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Studio system

 

The studio system (which was used during a period known as the Golden Age of Hollywood) is a method of film production and distribution dominated by a small number of "major" studios in Hollywood. Although the term is still used today as a reference to the systems and output of the major studios, historically the term refers to the practice of large motion picture studios between the 1920s and 1960s of (a) producing movies primarily on their own filmmaking lots with creative personnel under often long-term contract, and (b) dominating exhibition through vertical integration, i.e., the ownership or effective control of distributors and exhibition, guaranteeing additional sales of films through manipulative booking techniques such as block booking.
The last of the "Big Five" Hollywood conglomerates of the Golden Age emerged in 1928: RKO. The Radio Corporation of America (RCA), led by David Sarnoff, was looking for ways to exploit the cinema sound patents, newly trademarked RCA Photophone, owned by its parent company, General Electric. As the leading film production companies were all preparing to sign exclusive agreements with Western Electric for their technology, RCA got into the movie business itself. In January, General Electric acquired a sizable interest in Film Booking Offices of America (FBO), a distributor and small production company owned by Joseph P. Kennedy, father of future president John F. Kennedy. In October, through a set of stock transfers, RCA gained control of both FBO and the Keith-Albee-Orpheum theater chain; merging them into a single venture, it created the Radio-Keith-Orpheum Corporation, Sarnoff chairing the board. With RKO and Warner Bros. (soon to become Warner Bros.–First National) joining Fox, Paramount, and Loew's/MGM as major players, the Big Five that would remain for thirty years were now in place.
Hollywood's success grew during the Great Depression, possibly because films helped audiences escape their personal difficulties. President Franklin Delano Roosevelt said of Shirley Temple, "When the spirit of the people is lower than at any other time during this Depression, it is a splendid thing that for just fifteen cents an American can go to a movie and look at the smiling face of a baby and forget his troubles". By 1939 there were 15,000 movie theaters in the United States, more than banks; the number of theaters per capita was twice that of the mid-1980s. The cinema industry was larger than that for office machines. While only the 14th largest by revenue, it was second in the percentage of profits that its executives received. Top stars such as Bing Crosby and Claudette Colbert were paid more than $400,000 a year ($7,204,785 today).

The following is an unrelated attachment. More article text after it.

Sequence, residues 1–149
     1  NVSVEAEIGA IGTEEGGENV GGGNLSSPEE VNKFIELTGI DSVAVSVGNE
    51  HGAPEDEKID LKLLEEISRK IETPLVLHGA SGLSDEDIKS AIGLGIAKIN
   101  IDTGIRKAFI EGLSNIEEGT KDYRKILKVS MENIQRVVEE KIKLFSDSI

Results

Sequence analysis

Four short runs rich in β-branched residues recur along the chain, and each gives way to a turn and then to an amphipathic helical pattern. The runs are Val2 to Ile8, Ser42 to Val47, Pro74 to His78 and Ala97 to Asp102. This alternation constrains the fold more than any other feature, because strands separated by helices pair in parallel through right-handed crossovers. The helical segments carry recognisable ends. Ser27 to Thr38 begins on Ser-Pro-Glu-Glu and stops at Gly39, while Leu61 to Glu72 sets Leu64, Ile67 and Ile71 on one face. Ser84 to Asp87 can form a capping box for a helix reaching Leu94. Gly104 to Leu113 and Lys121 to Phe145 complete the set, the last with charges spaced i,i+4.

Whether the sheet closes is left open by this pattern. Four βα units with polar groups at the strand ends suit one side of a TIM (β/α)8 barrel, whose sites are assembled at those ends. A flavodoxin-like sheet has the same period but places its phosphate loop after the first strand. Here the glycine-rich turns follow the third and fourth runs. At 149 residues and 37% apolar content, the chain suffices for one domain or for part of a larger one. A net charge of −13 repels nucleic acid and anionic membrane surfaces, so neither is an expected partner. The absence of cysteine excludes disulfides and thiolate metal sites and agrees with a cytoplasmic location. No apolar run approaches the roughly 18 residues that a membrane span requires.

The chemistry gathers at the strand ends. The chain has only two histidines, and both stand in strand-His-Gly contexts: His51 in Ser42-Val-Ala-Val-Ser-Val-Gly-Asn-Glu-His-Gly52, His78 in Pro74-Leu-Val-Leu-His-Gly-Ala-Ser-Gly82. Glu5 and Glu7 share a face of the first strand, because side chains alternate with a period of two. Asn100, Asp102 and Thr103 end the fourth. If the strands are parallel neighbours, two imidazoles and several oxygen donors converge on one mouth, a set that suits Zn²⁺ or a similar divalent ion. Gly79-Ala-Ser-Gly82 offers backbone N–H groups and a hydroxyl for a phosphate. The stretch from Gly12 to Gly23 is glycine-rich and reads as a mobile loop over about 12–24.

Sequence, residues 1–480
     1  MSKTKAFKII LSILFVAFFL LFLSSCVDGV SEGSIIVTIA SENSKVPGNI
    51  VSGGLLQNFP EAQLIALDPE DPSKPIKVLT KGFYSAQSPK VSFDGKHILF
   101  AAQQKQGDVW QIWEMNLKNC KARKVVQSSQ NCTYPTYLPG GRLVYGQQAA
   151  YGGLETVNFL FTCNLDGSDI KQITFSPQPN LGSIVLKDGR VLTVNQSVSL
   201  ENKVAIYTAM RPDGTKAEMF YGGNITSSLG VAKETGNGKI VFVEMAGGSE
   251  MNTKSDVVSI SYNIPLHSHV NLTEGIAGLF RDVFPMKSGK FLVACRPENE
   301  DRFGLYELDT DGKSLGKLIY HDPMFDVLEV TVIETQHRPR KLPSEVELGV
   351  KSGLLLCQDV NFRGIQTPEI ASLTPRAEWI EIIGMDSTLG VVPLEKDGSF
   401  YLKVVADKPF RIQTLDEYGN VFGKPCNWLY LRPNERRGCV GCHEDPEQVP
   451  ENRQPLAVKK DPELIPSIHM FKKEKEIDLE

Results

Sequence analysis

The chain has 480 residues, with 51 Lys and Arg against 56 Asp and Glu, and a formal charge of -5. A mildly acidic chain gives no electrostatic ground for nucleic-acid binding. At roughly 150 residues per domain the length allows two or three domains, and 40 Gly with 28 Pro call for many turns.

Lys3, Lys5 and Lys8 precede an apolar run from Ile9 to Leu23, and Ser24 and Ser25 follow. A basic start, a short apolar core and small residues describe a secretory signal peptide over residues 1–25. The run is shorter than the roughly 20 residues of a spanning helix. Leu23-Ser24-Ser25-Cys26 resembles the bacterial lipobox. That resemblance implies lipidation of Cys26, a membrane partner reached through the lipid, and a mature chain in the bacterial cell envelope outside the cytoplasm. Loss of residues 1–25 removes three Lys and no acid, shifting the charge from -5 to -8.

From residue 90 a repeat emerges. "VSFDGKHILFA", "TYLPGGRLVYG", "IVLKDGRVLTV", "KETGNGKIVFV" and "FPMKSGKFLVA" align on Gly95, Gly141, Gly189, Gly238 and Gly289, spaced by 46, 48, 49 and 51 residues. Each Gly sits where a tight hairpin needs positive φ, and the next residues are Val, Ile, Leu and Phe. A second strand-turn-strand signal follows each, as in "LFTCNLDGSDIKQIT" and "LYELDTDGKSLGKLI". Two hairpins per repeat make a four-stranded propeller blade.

Through Hughes's deal with the federal authorities, and those by the other studios that soon followed, the studio system lingered on for another half-decade. The major studio that adapted to the new circumstances with the most immediate success was the smallest, United Artists; under a new management team that took over in 1951, overhead was cut by terminating its lease arrangement with the Pickford-Fairbanks production facility and new relationships with independent producers, now often involving direct investment, were forged×a business model that Hollywood would increasingly emulate in coming years. The studio system around which the industry had been organized for three decades finally expired in 1954, when Loew's, the last holdout, severed all operational ties with MGM.
By 1957, independent producers made 50% of full-length American films. Beyond working for others, top actors such as Gregory Peck and Frank Sinatra created their own production companies and purchased scripts. Top independent directors George Stevens, Billy Wilder, and William Wyler also saw their paychecks increase, in part because their involvement attracted star actors. Studios increasingly provided funding and facilities to independent producers as opposed to making their own films, or just like United Artists, they focused on distribution. While television had damaged Hollywood, TV production companies such as Desilu and the film studios' own TV divisions helped save the industry by using otherwise-unused facilities.
In the mid-2010s, major studios shifted towards producing mainstream films that appeal to the audience (genre films, sequels, 3-D, and superhero films). As these films risk losing money at the box-office (and some, in fact, have), an opportunity opened up for independent companies to produce films that in recent years have upset other major studio films for the Academy Award for Best Picture. The Academy of Motion Picture Arts and Sciences (which produces the annual Academy Awards) generally award Best Picture Oscars to films of substance and high quality rather than the popular mainstream film. Between 2014's Birdman and 2017's The Shape of Water (both produced by the same major studio, 20th Century Fox), the multiple award wins for independent films such as Spotlight (Open Road, 2015) and Moonlight (A24, 2016) had a major impact on box-office intake of other major studio films, and possibly the fate of major studios themselves, and even so today with the latest wave of independent films. This continuing dominance of the independent film is proof that its success is not dependent on any film format, whether it be 3-D, CinemaScope, or any large-format such as IMAX. The recent outcomes of the Cannes Film Festival and the lack of American films winning these awards may also have affected the dominance of independent film.